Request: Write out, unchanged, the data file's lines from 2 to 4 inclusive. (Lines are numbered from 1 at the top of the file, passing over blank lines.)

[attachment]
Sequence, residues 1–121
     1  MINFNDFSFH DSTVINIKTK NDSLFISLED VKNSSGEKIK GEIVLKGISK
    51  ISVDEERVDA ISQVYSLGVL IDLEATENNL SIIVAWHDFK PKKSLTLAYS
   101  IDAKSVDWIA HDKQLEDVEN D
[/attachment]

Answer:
     1  MINFNDFSFH DSTVINIKTK NDSLFISLED VKNSSGEKIK GEIVLKGISK
    51  ISVDEERVDA ISQVYSLGVL IDLEATENNL SIIVAWHDFK PKKSLTLAYS
   101  IDAKSVDWIA HDKQLEDVEN D